- I just received an e-mail marked [stoics] from Sue Caroll, with the text of
my last post to the group, plus the reply: take a look at the attachment.
The attachment is "hamster ZIP.scr" and contains the dangerous
It is a worm virus that sends itself to all the senders of mail that is
opened on an infected computer. Norton detects it and the Norton site
provides disinfection procedures. I didn't open the attachement, just
scanned it and deleted it.
- Thank you for informing me about the virus. I am so sorry that I sent
you an attachment which was infected, I was however unaware that it
had been sent to you - I think an effect of the virus.
Could you help me with my coursework? The title is how Stoicism
influenced early Christianity and I am having real difficulties
producing the coursework as I have had various difficulties in
finding information on how Stoicism influenced early Christianity,
and why it did. Stoicism as I understand it was a key part of the
Roman education System, which later spread Chrisitianity. The
two 'philosophies' are supposed to be linked with Stoicism
influencing the foundations that formed Christianity. However, it
appears to me that the Stoic beliefs often conflict with that of
Christianity. So, I was wondering whether the influence that Stoicism
had on Christianity in the beginning are less apparent today.
Hopefully others will be able to help me reach a conclusion on that
Thank you for your reponses they were all greatly recieved.
- I hope you successfully removed the virus. The Britannica CD-Rom has
this article, that shows a quite profound influence. /Thomas
"Stoic elements in Pauline and patristic thought:
There is much disagreement as to the measure of Stoic influence on
the writings of St. Paul, the Apostle of Christ. At Tarsus, Paul
certainly had opportunities for hearing Stoic lectures on philosophy.
And it may be that his discussion of nature and the teaching of it (I
Cor. 11:14) is Stoic in origin, for it has a parallel in the Manual
of Epictetus 1.16, 10. Although not a Stoic technical term,
syneidesis, which Paul used as "conscience," was generally employed
by Stoic philosophers. In I Cor. 13 and in the report of Paul's
speech at Athens (Acts 17), there is much that is Hellenistic, more
than a little tinged by Stoic elements--e.g., the arguments
concerning man's natural belief in God and the belief that man's
existence is in God.
The assimilation of Stoic elements by the Church Fathers was
generally better understood by the 4th century. Stoic influence can
be seen, for example, in the relation between reason and the passions
in the works of St. Ambrose, one of the great scholars of the church,
and of Marcus Minucius Felix, a Christian Apologist. Each took a
wealth of ideas from Stoic morality as Cicero had interpreted it in
De officiis. In general, whereas the emerging Christian morality
affirmed its originality, it also assimilated much of the pagan
literature, the more congenial elements of which were essentially
Earlier, in the 3rd century, Quintus Tertullian, often called the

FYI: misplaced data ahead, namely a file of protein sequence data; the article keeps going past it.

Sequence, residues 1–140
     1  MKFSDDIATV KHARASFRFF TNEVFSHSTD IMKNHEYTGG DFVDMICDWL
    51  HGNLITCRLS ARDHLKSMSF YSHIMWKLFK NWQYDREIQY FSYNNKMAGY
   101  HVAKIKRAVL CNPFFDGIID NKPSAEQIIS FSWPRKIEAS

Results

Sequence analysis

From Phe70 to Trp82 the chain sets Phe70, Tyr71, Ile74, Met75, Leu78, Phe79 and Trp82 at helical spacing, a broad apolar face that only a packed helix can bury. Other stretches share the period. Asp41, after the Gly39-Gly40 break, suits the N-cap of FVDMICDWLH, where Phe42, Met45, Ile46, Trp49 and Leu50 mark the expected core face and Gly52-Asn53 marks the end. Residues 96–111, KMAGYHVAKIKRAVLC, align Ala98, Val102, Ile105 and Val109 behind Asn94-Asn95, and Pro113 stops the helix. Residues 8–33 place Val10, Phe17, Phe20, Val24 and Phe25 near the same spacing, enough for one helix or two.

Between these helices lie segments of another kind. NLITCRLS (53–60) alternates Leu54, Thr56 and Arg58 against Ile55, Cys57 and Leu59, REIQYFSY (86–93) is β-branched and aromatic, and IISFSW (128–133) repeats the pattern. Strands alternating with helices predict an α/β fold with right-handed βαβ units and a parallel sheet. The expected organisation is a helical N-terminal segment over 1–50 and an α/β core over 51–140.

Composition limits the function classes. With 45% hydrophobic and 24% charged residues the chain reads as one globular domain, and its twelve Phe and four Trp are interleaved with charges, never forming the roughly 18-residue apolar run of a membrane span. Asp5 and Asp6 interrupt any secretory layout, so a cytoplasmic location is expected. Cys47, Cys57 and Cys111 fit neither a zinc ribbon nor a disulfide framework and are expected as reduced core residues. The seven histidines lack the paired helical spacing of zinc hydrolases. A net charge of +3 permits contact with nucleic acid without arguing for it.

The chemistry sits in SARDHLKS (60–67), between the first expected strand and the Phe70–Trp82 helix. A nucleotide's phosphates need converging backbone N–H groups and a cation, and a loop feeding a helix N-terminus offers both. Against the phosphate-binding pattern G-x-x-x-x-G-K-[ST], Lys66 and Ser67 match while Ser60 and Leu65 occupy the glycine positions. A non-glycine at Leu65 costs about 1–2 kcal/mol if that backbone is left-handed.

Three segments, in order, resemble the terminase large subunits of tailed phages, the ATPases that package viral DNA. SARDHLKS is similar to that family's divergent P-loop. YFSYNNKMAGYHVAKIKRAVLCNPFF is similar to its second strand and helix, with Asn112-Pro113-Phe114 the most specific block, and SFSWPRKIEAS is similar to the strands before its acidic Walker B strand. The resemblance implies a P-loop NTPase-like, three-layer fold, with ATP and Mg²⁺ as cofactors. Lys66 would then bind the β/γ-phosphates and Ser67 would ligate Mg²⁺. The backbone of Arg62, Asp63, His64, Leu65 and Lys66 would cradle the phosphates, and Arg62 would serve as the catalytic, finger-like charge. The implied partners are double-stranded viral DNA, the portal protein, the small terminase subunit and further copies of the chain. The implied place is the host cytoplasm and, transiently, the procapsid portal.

father of Latin Christian literature, seems to have been versed in
Stoic philosophy; e.g., in his theory of the agreement between the
supernatural and the human soul, in his use of the Stoic tenet that
from a truth there follow truths, and in his employment of the idea
of universal consent. Even in his polemical writings, which reveal an
unrelenting hostility to pagan philosophy, Tertullian showed a
fundamental grasp and appreciation of such Stoic themes as the world
logos and the relation of body to soul. This is well illustrated in
his argument against the Stoics, particularly on their theme that God
is a corporeal being and identified with reason as inherent in matter-
-also to be found in his polemics against Marcion, father of a
heretical Christian sect, and against Hermogenes of Tarsus, author of
an important digest of rhetoric. Yet in his doctrine of the Word, he
appealed directly to Zeno and Cleanthes of the Early Stoa. Another
important polemic against the Stoics is found in the treatise Contra
Celsum, by Origen, the most influential Greek theologian of the 3rd
century, in which he argued at some length against Stoic doctrines
linking God to matter.
Also, St. Cyprian, bishop of Carthage in the 3rd century, revealed
the currency of Stoic views; e.g., in his Ad Demetrianum, a
denunciation of an enemy to Christianity, in which Cyprian castigates
the ill treatment of slaves, who, no less than their masters, are
formed of the same matter and endowed with the same soul and live
according to the same law. The beliefs in the brotherhood of man and
in the world as a great city, commonly found in early Christian
literature, were current Stoic themes. The Christian attitude appears
in what St. Paul said of Baptism: "You are all sons of God through
Faith. For as many of you as were baptized into Christ have put on
Christ" (Gal. 3:26-27)."
Jason Lewis Saunders: Former Professor of Philosophy, City College,
City University of New York. Author of Early Stoic Philosophy.
Copyright © 1994-2001 Encyclopædia Britannica, Inc.